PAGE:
The mitochondria is the location inside the cell where the energy, called adenosine triphosphate, or ATP, is made. This specific part of the cell is composed of rod-shaped organelles. Mitochondria are the animal-version chloroplast, where the energy cycle in plants takes place.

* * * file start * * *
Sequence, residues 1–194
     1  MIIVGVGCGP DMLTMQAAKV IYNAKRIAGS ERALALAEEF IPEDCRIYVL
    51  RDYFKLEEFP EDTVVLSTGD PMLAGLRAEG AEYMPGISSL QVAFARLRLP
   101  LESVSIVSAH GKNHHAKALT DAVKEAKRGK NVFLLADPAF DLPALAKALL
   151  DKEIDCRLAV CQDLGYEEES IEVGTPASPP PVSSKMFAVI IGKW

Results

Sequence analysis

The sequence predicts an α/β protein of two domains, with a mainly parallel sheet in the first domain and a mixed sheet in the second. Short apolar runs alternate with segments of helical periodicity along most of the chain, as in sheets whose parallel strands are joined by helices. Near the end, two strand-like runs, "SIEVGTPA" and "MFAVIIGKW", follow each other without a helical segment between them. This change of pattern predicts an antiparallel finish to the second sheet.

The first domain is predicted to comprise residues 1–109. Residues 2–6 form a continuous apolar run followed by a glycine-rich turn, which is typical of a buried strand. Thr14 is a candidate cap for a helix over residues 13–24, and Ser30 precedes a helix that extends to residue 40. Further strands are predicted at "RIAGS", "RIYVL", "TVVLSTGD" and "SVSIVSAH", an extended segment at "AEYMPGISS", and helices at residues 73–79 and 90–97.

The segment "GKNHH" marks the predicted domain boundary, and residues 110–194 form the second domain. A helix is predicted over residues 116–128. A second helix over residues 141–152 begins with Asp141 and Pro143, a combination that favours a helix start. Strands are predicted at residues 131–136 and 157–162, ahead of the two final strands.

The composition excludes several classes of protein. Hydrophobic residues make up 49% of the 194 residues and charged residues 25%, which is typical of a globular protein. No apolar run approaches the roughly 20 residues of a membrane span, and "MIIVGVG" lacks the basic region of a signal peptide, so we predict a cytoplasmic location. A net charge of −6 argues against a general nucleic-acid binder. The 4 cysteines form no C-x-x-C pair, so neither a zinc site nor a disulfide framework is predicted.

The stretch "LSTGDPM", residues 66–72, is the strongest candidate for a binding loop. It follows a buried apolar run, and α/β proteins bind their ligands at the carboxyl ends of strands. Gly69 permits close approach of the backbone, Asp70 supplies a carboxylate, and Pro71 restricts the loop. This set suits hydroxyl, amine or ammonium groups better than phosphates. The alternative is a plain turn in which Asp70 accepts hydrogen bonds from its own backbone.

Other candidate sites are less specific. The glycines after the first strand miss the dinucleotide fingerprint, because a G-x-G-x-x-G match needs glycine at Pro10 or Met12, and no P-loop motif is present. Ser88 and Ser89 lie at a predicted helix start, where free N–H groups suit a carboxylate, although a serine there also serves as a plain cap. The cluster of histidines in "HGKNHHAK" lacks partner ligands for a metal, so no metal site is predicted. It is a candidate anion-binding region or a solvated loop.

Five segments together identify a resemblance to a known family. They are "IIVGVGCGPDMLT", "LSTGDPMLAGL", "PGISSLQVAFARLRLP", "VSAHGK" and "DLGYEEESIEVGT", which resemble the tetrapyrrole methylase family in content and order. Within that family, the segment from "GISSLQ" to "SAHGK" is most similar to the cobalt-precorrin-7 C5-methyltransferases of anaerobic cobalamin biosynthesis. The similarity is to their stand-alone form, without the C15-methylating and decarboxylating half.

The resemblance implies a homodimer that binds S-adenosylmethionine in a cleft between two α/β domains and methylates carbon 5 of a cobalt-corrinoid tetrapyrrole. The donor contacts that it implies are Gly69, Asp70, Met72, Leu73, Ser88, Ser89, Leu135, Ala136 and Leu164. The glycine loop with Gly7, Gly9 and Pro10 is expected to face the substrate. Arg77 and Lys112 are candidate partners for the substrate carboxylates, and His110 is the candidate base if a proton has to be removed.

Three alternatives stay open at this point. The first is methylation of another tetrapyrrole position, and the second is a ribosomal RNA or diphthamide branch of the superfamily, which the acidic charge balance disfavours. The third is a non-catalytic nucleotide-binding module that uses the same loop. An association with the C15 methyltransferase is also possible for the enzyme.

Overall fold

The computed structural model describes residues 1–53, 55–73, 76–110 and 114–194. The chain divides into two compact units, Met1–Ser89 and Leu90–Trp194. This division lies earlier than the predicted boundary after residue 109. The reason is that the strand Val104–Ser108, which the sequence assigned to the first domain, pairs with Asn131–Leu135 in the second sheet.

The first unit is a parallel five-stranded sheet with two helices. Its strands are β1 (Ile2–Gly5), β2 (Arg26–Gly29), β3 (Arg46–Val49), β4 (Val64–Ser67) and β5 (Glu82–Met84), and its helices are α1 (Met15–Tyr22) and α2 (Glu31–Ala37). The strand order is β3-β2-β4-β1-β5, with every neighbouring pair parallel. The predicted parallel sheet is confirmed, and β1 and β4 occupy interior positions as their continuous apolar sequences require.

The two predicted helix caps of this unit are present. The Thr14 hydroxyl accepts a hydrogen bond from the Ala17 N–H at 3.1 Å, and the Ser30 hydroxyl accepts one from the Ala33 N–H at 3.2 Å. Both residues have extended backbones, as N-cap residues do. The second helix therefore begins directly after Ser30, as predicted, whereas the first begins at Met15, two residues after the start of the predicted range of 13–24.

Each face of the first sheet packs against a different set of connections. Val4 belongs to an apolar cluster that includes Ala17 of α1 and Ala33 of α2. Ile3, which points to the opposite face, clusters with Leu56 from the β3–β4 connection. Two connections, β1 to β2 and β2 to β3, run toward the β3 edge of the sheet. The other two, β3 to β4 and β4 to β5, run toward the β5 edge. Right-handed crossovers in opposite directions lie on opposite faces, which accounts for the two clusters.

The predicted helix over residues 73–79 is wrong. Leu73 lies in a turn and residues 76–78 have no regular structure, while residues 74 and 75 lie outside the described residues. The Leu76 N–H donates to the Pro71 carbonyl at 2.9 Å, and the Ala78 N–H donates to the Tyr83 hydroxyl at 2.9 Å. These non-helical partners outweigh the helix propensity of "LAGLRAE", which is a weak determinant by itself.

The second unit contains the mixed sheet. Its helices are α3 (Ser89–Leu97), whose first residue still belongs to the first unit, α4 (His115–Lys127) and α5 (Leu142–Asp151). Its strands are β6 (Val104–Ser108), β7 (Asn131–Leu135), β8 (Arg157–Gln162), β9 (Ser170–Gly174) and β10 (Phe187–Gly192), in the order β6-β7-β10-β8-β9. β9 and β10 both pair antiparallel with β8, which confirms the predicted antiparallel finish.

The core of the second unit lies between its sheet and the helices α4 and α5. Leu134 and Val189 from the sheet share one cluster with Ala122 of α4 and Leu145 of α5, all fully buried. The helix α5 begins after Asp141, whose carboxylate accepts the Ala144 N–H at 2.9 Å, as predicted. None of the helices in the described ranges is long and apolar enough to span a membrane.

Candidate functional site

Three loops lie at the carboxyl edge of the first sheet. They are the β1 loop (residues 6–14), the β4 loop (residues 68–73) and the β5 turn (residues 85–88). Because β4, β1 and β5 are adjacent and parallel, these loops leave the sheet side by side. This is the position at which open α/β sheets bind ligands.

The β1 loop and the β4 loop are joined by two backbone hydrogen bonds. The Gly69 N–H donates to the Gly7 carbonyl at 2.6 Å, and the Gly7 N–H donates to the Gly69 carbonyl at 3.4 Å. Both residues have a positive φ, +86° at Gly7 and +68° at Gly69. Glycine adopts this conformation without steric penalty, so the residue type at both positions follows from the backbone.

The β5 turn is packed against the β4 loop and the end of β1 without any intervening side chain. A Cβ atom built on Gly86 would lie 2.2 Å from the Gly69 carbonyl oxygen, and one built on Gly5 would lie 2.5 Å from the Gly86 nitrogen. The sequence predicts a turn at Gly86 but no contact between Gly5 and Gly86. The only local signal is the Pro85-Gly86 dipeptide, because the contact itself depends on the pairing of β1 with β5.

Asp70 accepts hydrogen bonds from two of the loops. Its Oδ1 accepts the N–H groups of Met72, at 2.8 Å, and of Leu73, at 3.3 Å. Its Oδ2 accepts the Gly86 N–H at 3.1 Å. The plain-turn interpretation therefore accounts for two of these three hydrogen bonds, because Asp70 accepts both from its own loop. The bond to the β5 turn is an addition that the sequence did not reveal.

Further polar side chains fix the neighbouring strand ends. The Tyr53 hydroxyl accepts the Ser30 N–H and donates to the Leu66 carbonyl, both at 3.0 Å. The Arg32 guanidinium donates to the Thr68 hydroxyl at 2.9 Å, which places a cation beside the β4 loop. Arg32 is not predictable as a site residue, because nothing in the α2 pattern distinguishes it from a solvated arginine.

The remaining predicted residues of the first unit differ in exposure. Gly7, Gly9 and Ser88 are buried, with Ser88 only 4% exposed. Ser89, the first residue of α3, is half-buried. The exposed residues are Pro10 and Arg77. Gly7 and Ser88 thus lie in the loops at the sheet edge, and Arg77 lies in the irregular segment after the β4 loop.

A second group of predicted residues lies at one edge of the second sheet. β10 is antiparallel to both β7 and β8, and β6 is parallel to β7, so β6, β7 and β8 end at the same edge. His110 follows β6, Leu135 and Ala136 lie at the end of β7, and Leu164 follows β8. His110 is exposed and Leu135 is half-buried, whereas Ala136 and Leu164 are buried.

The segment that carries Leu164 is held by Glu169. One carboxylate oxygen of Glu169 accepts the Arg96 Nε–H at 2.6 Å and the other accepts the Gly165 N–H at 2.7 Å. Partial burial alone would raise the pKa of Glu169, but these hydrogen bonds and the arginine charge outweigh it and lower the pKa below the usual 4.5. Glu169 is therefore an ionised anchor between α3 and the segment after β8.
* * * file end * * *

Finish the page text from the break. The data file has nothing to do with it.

In a normal animal or human cell, there can be anywhere between a thousand and two thousand mitochondria. The energy created by organelle is done through the process of cellular respiration. Every living cell in an organism contains this structure because every living cell plays a role in respiration. Even though these structures are important in the cells, they only range in size between a half and one micrometer. Along with being the main area of energy production, the mitochondria play a part in a number of other functions including cell signaling, growth and cell cycles. The structure has both an inner and outer membrane, which contain a large number of very important proteins. The outer membrane contains proteins called porins, which form channels and let material diffuse from one side of the membrane structure to another. The inner membrane contains around a fifth of the total protein in the mitochondrion structure. The inner membrane does not have porins, which helps makes it impenetrable to other molecules. Along with this, the inner membrane has a phospholipid called cardiolipin which adds another layer of protection to make it even harder for anything to enter the structure that should not be there.